However Devine is more dangerous in t-20 format and her hitting capabilities makes her a tremendous weapon to kill the opposition. Evident from her century in the very first season of WBBL where she hit WBBL’s first century for the Adelaide Strikers. In the first season of the Women Super League she played for Loughborough Lightning and riding high on the shoulder of her performances, she was admitted into the squad by Yorkshire Diamonds in the 2nd season. Apart from these teams in New Zealand Domestic circuit she plays for Wellington Blazes alongside Rachel Priest and newbie Amelia Kerr.

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But wait, the above points or the achievements doesn’t reveal the entire story. As a 15-year-old, Sophie Devine had two options after tests revealed she had diabetes: continue with her love for sport, or stop living a life she desired. Only a week later, a call was made. She entered the hockey field to play for her local club. 10 years now, the New Zealander has not only fulfilled her dream of playing sport at the highest level, but also lived it twice. Sophie has represented her country both in hockey and cricket, and was part of the White Ferns team for the World T20. Setting foot on a sporting field looked a far-fetched possibility for her when she was diagnosed with Type 1 diabetes, let alone stepping out on two of them.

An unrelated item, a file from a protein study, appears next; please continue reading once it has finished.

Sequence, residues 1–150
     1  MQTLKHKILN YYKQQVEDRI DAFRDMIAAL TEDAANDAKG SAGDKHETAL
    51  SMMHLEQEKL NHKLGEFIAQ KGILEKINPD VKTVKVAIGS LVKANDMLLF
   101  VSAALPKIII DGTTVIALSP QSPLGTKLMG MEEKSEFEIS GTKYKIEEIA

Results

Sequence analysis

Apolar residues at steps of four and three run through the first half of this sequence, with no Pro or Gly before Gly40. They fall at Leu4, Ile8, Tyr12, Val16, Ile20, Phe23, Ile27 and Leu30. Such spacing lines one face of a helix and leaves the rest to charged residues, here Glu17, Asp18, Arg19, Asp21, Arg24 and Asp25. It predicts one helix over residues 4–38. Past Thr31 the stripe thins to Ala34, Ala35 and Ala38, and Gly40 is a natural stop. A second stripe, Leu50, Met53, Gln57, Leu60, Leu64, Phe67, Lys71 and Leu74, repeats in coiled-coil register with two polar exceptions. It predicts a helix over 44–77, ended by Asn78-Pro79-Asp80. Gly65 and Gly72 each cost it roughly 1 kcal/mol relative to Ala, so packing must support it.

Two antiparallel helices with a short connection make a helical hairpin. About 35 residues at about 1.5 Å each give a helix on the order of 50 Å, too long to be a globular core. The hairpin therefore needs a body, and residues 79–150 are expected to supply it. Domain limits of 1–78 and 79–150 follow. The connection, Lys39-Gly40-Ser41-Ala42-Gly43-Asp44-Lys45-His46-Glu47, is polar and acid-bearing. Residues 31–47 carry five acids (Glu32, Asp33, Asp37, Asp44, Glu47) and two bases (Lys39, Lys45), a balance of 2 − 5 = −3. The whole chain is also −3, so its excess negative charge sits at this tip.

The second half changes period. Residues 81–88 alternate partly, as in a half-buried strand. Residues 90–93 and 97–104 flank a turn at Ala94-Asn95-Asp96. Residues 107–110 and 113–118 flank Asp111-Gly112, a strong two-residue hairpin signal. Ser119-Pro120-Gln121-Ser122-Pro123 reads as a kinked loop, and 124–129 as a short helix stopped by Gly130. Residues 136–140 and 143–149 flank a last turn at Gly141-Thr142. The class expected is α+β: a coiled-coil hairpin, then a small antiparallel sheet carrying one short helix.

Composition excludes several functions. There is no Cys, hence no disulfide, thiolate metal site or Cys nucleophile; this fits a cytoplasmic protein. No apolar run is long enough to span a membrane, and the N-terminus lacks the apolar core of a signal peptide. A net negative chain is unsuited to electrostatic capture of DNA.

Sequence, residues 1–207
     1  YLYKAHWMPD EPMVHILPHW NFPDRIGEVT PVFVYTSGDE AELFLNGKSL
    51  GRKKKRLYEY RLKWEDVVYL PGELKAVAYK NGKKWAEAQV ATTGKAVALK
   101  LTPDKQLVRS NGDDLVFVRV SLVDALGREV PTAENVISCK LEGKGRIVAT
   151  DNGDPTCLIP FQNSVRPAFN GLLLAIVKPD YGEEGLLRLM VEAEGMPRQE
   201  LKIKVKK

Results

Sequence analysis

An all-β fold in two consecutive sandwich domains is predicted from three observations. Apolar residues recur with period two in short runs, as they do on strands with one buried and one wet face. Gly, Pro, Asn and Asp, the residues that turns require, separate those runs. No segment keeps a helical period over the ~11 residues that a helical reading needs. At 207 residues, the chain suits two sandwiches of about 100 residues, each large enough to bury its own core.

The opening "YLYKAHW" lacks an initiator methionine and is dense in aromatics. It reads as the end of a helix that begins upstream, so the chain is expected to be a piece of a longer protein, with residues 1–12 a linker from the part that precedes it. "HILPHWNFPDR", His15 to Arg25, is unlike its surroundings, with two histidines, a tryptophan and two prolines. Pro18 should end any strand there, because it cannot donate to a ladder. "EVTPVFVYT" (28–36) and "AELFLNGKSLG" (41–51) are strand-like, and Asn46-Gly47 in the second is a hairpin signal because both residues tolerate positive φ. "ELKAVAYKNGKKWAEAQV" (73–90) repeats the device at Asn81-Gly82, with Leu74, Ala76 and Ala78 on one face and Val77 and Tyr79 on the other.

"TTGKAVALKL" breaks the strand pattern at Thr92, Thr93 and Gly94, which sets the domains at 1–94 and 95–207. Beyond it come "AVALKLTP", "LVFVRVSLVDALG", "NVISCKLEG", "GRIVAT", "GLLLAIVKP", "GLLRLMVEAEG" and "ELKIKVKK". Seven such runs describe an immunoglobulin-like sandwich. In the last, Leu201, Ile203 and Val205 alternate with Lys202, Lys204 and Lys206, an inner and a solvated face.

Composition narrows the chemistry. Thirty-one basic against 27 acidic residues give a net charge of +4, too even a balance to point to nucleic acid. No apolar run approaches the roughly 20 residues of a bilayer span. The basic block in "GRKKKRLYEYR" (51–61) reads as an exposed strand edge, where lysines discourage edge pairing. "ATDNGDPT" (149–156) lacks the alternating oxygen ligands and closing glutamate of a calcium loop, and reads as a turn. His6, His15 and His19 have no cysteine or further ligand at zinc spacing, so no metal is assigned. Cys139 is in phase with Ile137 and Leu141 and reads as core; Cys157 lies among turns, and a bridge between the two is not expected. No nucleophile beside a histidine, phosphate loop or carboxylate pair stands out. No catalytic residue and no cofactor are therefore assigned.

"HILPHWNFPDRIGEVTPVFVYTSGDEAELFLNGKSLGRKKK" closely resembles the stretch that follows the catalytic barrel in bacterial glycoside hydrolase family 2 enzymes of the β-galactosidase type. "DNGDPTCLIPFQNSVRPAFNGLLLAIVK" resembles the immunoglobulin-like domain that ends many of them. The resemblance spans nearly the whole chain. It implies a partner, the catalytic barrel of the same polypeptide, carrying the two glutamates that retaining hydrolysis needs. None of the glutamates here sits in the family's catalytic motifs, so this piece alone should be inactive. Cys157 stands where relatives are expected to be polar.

It was prior to the London Olympics in 2012, where she knew herself and also from the coaching staff in hockey that she needed to make a decision and commit her to one sport 100 per cent. In her words, “I wasn’t doing myself justice in the time I was spending jumping between the two sports.” So she decided to stick to cricket. And though she didn’t make the Olympics squad, Devine doesn’t regret the choice. She last played hockey at the highest level in 2011, switching to cricket completely post that. The 26-year-old earned a professional contract from New Zealand Cricket in 2013, in which she not only had to play, but also coach and promote women’s cricket among schools in her country. She, however, still remains attached to her passion. Though she doesn’t play hockey for her national side as fullback after 2011, it remained a source of her refreshment. Good at many sports, swimming is the ‘Achilles Hill’ for Devine, where she is completely “hopeless.”

4. Ellyse Perry (Australia):
Ellyse Alexandra Perry (born 3 November 1990) is an Australian sportswoman who made her debut for both the Australian cricket and the Australian women’s national soccer team at the age of 16. She is the youngest Australian Player to have played both the World Cups.

On 29 May 2012, Heather Reid, the chief executive of her soccer club Canberra United FC, had asked Perry to either choose soccer or cricket so as to ensure maximum output. Amidst all the hassles between her soccer and cricket official bodies, Perry continued to dominate and emerged as an overall sports personality. 

If you know more such sports personalities, do comment below and we shall cover them in this article.